Transportation Alternatives: 2024 was the deadliest start to a year since start of Vision Zero

The city's Department of Transportation says they are working on it, saying they have daylighted 1,000 intersections in 2023, while listing 12 new protected bike lanes that are scheduled to be installed in Brooklyn this year.

Greg Thompson

Apr 30, 2024, 9:55 PM

Updated 22 days ago

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A new report from traffic safety advocacy group Transportation Alternatives has found that the first three months of 2024 were the deadliest first quarter since New York City started its "Vision Zero" campaign - and that Brooklyn was hit especially hard.
"This should be a sobering call to the [Mayor Eric] Adams administration to correct course," says Elizabeth Adams, Transportation Alternative's deputy executive director for public affairs.
In a statement, the city says the numbers are a little skewed by a New Year's Day crash that killed five people but agrees with the report that the increased use of small vehicles with less protection - like mopeds, scooters and bikes - and increased size of cars has made the roads more dangerous.
Because of this, Elizabeth Adams says that "we can't just roll out the same playbook we did ten years ago, and so that means we need to update and adapt."
Still, Transportation Alternatives does not view Vision Zero as a failure, instead, telling News 12 that it just needs more support from City Hall.
Transportation Alternatives points out that where safety measures have gone into effect, they seem to have worked - city data shows that none of the cyclist deaths this year have happened in places with protected bike lanes. The city is supposed to be installing 50 miles of those every year, but according to Transportation Alternatives' website, they have not been meeting those goals.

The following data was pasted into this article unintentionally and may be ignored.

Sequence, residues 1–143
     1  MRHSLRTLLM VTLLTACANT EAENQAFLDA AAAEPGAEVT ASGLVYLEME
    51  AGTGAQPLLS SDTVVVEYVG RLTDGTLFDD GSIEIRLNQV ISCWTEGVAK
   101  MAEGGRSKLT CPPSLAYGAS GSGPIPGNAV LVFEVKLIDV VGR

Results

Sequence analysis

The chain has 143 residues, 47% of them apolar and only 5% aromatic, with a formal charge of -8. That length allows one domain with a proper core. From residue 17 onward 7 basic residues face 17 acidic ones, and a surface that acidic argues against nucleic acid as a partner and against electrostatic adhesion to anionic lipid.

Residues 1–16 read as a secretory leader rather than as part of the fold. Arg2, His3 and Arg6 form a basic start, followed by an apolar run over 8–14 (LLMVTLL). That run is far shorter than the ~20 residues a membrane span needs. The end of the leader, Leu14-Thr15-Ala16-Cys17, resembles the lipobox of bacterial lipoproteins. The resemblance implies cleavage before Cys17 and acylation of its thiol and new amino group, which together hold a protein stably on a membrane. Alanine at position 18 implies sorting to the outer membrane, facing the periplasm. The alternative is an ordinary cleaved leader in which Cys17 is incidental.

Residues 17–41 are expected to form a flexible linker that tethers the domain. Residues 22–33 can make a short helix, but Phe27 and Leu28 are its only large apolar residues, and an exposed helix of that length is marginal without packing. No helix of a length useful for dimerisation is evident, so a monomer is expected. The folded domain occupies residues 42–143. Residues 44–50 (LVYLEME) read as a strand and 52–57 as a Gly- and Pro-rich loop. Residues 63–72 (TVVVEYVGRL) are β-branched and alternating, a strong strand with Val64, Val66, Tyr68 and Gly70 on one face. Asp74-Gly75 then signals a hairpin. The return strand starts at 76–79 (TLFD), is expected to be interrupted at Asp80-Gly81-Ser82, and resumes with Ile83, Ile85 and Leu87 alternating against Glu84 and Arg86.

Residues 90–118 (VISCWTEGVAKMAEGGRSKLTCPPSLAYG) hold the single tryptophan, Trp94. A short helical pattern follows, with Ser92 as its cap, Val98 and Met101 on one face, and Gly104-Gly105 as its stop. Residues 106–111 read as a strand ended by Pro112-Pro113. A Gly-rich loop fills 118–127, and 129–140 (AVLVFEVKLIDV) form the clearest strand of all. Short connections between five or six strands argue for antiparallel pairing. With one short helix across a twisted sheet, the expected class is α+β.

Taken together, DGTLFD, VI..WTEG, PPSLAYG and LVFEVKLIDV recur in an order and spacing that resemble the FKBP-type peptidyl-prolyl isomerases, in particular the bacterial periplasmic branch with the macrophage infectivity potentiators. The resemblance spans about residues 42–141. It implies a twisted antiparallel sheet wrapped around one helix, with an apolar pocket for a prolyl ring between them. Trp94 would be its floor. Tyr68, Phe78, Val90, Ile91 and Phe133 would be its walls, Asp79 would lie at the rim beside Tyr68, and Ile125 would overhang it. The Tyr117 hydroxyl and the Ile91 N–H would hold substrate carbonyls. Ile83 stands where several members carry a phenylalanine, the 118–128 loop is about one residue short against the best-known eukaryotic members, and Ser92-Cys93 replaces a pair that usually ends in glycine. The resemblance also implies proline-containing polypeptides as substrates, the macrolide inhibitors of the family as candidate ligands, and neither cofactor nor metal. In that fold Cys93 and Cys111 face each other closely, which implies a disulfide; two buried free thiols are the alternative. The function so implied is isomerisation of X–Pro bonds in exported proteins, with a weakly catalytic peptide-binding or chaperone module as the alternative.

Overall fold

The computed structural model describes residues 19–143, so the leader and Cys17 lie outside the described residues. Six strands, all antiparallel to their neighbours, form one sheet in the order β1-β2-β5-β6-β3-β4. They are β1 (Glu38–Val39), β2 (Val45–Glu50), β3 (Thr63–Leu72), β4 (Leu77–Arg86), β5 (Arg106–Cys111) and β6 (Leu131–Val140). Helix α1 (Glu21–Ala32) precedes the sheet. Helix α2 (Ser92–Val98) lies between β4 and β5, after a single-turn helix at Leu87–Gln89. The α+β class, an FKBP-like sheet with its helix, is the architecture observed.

According to Adams, it comes down to political will, as "We're just not seeing the city move fast enough. We need the mayor to really implement street safety measure now, we have to have a protected network that keeps everyone safe... not on one block or another, or in one neighborhood, or in one zip code," says Elizabeth Adams.
In particular, Transportation Alternatives also mentions the need for more "daylighting" - which is the practice of keeping the area up to an intersection clear, which improves visibility. A report from the advocacy group shows that 89 percent of pedestrian deaths in the first quarter happened in places without any daylights, while all of them were in places that lacked a physical daylighting barrier.
"None of these things are by accident," says Elizabeth Adams. "They're really a choice, and so really it's about commitment, investment, the resources are there."
The city's Department of Transportation says they are working on it, saying they have daylighted 1,000 intersections in 2023, while listing 12 new protected bike lanes that are scheduled to be installed in Brooklyn this year.


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